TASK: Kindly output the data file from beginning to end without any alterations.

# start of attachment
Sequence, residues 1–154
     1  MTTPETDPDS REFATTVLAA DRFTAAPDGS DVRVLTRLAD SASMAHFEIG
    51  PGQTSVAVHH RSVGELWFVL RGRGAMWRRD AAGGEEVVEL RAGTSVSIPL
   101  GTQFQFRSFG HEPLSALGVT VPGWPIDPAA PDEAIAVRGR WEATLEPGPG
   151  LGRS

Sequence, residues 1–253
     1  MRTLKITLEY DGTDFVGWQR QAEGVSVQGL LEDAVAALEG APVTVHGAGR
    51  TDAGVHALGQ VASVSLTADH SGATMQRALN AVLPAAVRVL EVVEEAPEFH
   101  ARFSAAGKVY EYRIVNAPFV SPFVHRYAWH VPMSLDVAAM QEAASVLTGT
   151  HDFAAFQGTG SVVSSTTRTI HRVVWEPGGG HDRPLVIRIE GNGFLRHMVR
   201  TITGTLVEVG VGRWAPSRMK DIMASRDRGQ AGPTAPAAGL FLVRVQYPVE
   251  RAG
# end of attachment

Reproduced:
Sequence, residues 1–154
     1  MTTPETDPDS REFATTVLAA DRFTAAPDGS DVRVLTRLAD SASMAHFEIG
    51  PGQTSVAVHH RSVGELWFVL RGRGAMWRRD AAGGEEVVEL RAGTSVSIPL
   101  GTQFQFRSFG HEPLSALGVT VPGWPIDPAA PDEAIAVRGR WEATLEPGPG
   151  LGRS

Sequence, residues 1–253
     1  MRTLKITLEY DGTDFVGWQR QAEGVSVQGL LEDAVAALEG APVTVHGAGR
    51  TDAGVHALGQ VASVSLTADH SGATMQRALN AVLPAAVRVL EVVEEAPEFH
   101  ARFSAAGKVY EYRIVNAPFV SPFVHRYAWH VPMSLDVAAM QEAASVLTGT
   151  HDFAAFQGTG SVVSSTTRTI HRVVWEPGGG HDRPLVIRIE GNGFLRHMVR
   201  TITGTLVEVG VGRWAPSRMK DIMASRDRGQ AGPTAPAAGL FLVRVQYPVE
   251  RAG